I am new to this news group as well as a relatively new owner of 89 900
convertible. My question if you would be so kind in answering is, has
anyone swapped out the Air Conditioner on a 900 to use the freon R-134a
instead of the R-12 that it was originally equipped with? How big of a pain
is it? Did you use a kit? Or do you just pay the $100 a pound or so for
the R-12? The A/C is currently not working but my intentions are to keep
this car as long as possible so I would like to get it working just in case.
Thanks for your time and consideration in this matter.
Respectfully - Monte
Paying $100 a pound is not very cost effective. If you want to keep the car
for awhile with working A/C, my opinion is to convert. Just keep in mind
that the effectiveness (cooling power) of the A/C system is somewhat reduced
when R-134a is used in a system designed for R-12.
Most kits consist of a few cans of R-134a (with lubricant), a valve to open
the cans and fill the system, and adapters for the high and low pressure
ports on the A/C system which indicate to anyone servicing the car in the
future that it is equipped with R-134a. One of the issues with switching
from R-12 to R-134a is that a different lubricant is needed. The lubricant
for R-134a often causes compressors designed for use with R-12 to wear a bit
sooner. This might not really be a problem if you need to replace your
compressor to effect the repair since all compressors recently manufactured
(or remanufactured) are designed to work with R-134a.. If you must replace
the compressor (or any other major component of the A/C system) you should
probably replace the Receiver/Drier too. New compressor warranties usually
require this. You might also want to replace the expansion valve while you
have the system open. They sometimes get gummed up, and you don't want to
open the system again for this relatively inexpensive part.
Before you open the system, you may want to check that the fuse for the A/C
system is still good. On my 9000 the radiator fan associated with the A/C
system sometimes binds, overloads the circuit and opens the fuse. The same
fuse operates the compressor, so the entire A/C system shuts down -- with
the ACC fan still going at full speed. I just give the fan a turn by hand
and it usually keeps working properly for the rest of the summer.
I hope you find this information/opinion helpful.
It's absolutely essential to replace the reciever/dryer when you do this
conversion, and you really should replace the expansion valve as well.
Believe me, the extra 50 bucks or so for these parts is well worth it in the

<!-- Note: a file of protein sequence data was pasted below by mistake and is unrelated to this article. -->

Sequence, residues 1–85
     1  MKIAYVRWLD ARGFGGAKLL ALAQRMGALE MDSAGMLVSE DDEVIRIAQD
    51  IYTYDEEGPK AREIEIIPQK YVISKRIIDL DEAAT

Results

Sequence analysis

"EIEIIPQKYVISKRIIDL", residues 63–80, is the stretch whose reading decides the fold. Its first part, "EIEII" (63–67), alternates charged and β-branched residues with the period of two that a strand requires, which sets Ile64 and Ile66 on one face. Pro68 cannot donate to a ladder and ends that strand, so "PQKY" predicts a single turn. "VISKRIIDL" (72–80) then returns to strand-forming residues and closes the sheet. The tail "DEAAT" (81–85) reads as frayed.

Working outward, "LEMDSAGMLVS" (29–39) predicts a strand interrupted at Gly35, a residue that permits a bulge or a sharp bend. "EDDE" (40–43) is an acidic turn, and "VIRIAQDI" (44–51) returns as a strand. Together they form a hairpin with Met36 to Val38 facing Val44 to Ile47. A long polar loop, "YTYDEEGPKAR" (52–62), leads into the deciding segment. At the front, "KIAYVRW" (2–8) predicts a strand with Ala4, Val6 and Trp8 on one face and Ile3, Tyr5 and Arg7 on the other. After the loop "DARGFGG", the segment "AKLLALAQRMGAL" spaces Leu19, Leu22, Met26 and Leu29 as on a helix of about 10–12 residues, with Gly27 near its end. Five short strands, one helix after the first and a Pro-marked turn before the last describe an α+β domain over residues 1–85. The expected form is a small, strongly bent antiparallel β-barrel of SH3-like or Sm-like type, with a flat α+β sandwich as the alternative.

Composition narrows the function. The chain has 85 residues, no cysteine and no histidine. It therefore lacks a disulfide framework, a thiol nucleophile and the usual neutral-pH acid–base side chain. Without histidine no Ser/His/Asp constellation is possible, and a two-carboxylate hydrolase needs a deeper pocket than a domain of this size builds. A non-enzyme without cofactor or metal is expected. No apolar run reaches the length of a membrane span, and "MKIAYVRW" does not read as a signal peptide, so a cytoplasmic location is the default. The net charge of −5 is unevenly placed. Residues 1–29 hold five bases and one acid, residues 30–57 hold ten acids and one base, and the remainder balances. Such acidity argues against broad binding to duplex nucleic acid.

long run. Also make sure you get the kit that comes with all new O-rings and
ester oil. When you open up the system, flush it out with refrigeration
solvent and blow all the residue out with compressed air. I can't stress
enough how important it is for the system to be absolutely clean inside. You
need to remove any trace of the old oil as it will react badly with R134a.
Before you charge it you'll need to pump it down to as near a perfect vacuum
as you can get. If you don't have access to a vacuum pump, an old
refrigerator or air conditioner compressor will usually do the trick.
Done right, you shouldn't notice much reduction in capacity and you can buy
refrigerant in the future for just a few bucks a pound. Not to mention it's
much better for the environment.
The A/C on my 86 900 T went out a couple years ago. My wife's 85 900T
experienced the same last year. I found that using hydrocarbon
replacement worked well. It is cheap and you can put it in without
having to change anthing else. It is supposed to work better than R-12;
it seems to work at least as well.
The down side is that it is flammable. Should a hose burst or if you run
into something, there is a possibility of fire, and apparently it has
happened. The up side is there is a flame retardant in it and you have
less of it in your system than in a standard one pound can of propane.
It seems to be a 50/50 mix of propane and butane, with a flame
retardent. a six ounce can replaces a one pound can of R-12.
I have found it works well and we have had no problems. If you decide to
take this route, put a can in and if it works, call it good. Next time
the air blows warm, put in another can.
I have found the standard way of checking fill with guages and the sight
glass do not work with this refrigerant.
You still have to change the fittings (Checker sells them for around
$12) and be sure to get the kit with 4 fittings as there are two kinds
of R-12 fittings and if you get the pair only kit it might not have the
ones you need.
Good luck and keep cool,
Monte S Minthorne wrote:
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